But Jeffrey is mistaken. The blueberry muffin he is eating contains little to no blueberries. That is because he bought it at his campus coffee shop, the Daily Grind. If he had baked his own blueberry muffins, putting in whole ripe blueberries, it would be a different story. But Jeffrey was a little too lazy to do that and preferred, instead, to order coffee and blueberry muffins from the coffee shop, where he sat and enjoyed his morning repast in peace.

So, if Jeffrey’s blueberry muffins don’t contain blueberries, what do they contain?

Here, folks, is the ugly truth:

This is a disgusting and sad state of affairs. Even though Professor Jeffrey Albacete is too lazy to bake his own blueberry muffins – and not being married has no wife to bake them for him – he still should not have to suffer such processed rubbish.

“Perhaps,” he thought to himself, “I could interest some of my colleagues in baking fresh blueberry muffins. Kathy might be interested … and perhaps Deborah?” With a smile on his face he contemplated fresh home-made blueberry muffins with his coffee tomorrow morning.


Strong theorems from excellent coffee


Paul Erdos

It’s well-known, but probably not true, that the Hungarian mathematician Paul Erdös said a mathematician is a machine for turning coffee into theorems.

As Peter Cameron points out on his “Coffee into Theorems” post, it was probably another Hungarian mathematician Alfréd Rényi who actually said this.

Coffee is important to the academic enterprise, especially for mathematicians. As Cameron writes:

In happy and productive mathematics departments, there is usually a ritual of gathering in a common space mid-morning and/or mid-afternoon. General conversation serves a social function; mathematical discussion spreads ideas and encourages collaboration; and grumbles about aspects of academic life reinforce collegiality and also let department heads and administrators know what we are thinking.

 If a college, school or university department does not budget for coffee then it is left to individuals to supply coffee, if not for others, then at least for themselves. Such arrangements are likely to lead to coffee machines and coffee supplied in individual sealed sachets. Such coffee is not usually of the highest quality.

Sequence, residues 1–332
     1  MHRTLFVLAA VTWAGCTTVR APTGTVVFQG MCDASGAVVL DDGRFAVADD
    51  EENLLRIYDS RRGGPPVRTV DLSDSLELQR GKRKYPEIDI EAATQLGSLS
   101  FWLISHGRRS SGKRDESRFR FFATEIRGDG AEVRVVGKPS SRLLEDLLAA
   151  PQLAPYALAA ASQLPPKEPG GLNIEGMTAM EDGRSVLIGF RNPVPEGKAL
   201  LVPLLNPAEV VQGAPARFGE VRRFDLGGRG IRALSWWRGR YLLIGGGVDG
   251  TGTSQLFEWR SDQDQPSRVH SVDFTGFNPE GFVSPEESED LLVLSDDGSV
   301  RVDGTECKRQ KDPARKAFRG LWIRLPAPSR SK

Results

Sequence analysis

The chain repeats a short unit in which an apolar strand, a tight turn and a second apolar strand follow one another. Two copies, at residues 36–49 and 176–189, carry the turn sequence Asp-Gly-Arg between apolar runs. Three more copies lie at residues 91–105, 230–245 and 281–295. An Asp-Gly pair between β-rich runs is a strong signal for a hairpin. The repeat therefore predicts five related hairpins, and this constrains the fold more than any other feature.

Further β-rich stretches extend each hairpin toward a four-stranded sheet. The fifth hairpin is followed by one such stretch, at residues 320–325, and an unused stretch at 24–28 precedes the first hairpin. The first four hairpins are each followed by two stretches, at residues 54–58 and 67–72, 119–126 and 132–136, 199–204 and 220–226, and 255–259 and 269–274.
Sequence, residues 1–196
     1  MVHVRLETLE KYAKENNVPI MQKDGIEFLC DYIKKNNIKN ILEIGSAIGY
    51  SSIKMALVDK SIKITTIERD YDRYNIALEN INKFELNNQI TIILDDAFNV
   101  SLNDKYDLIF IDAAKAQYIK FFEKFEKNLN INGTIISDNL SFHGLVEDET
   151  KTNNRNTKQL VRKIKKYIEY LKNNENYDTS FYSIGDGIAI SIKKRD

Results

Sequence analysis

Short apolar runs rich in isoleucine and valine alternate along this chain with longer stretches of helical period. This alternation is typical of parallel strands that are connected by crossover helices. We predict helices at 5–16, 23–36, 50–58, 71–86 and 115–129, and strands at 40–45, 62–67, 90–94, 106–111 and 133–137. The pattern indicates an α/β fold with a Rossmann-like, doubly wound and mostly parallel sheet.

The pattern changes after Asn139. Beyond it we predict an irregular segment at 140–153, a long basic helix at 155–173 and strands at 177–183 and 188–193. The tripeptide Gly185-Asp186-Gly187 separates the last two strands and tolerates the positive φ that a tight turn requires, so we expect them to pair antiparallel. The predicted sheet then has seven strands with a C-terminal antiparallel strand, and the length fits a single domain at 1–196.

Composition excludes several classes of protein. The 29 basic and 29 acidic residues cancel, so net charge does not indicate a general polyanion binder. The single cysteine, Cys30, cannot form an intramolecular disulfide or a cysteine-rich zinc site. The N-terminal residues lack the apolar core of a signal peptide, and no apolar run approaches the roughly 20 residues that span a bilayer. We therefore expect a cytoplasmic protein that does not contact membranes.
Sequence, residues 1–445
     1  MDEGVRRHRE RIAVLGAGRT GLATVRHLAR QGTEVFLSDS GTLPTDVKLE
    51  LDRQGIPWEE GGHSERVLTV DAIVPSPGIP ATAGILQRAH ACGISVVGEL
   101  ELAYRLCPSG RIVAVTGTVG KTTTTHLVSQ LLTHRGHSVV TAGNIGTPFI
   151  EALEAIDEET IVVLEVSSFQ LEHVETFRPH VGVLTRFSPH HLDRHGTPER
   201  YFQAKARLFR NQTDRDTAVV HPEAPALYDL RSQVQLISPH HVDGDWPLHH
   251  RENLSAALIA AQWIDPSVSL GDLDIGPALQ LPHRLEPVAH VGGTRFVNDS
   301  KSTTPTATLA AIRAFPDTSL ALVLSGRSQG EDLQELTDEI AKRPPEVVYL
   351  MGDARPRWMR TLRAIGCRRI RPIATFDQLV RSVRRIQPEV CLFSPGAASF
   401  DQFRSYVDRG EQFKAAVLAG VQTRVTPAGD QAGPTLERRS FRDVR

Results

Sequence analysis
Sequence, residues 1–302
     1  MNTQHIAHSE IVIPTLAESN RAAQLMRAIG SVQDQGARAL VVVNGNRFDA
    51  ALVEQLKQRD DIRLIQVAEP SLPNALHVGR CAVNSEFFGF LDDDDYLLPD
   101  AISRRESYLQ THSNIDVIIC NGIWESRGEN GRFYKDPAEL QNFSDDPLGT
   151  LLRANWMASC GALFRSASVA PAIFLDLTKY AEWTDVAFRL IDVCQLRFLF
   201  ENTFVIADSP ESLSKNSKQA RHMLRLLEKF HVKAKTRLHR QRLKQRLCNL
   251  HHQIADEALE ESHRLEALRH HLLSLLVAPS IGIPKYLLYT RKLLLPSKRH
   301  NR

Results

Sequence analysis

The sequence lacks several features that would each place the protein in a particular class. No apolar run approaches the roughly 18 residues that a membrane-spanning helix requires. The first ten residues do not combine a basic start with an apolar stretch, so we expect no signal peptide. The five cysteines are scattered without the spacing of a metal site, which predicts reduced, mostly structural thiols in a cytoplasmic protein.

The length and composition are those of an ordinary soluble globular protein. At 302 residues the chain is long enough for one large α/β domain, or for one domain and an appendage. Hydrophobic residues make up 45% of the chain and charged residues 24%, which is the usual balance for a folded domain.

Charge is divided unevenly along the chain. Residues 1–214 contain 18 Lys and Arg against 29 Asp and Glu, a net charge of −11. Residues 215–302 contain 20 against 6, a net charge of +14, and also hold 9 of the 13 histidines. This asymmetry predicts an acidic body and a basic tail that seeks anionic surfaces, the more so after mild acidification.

As yet another Hungarian mathematician, Paul Turán, is supposed to have said: “Weak coffee is suitable only for lemmas”

If Paul Turán and Erdös/Rényi are right, then strong theorems, with considerable impact, will only result from outstanding coffee. One of the world’s most outstanding coffees, at least in price, is kopi luwak, which is made from coffee beans excreted by civet cats.


Civet eating coffee beans

The civets eat coffee beans , which then ferment in the civet’s digestive tract:

The civet’s proteolytic enzymes seep into the beans, making shorter peptides and more free amino acids. Passing through a civet’s intestines the beans are then defecated with other fecal matter and collected.  (Kopi Luwak: wikipedia)

The civet poop, from which kopi luwak is made

The civet poop, from which kopi luwak is made

So a forward looking mathematics department will find a way to invest in supplies of kopi luwak, which retails for about US $700 per kilogram, if they want to stimulate the production of strong theorems, according to the Erdös/Rényi/Turán  hypothesis.

Click on the image to browse or buy at Amazon

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Read about the importance of quality coffee for mathematician’s daily work in “Coffee, Love and Matrix Algebra”

Making money from college textbooks

College textbooks, like many other book genres, have their bestsellers, middle of the road sellers, and those that make little to no money – as seminal as they may be. A textbook in an area such as linear algebra, that is published and promoted by a well-known publisher, and that is used in colleges and universities both in the U.S. and worldwide, can make the author, or authors, a decent amount of money – often at least as much as their annual salary as college teachers. University journalism professor Brant Houston is quoted as saying: “For the most part, no one is going to become a millionaire off of textbooks” That may be true in the field of journalism texts. However, mathematician James Stewart has done extraordinarily well from writing a series of mathematics texts that are prescribed texts for many college and high school courses. How well has Stewart done? The following quote from the Wikipedia article on Stewart gives some indication: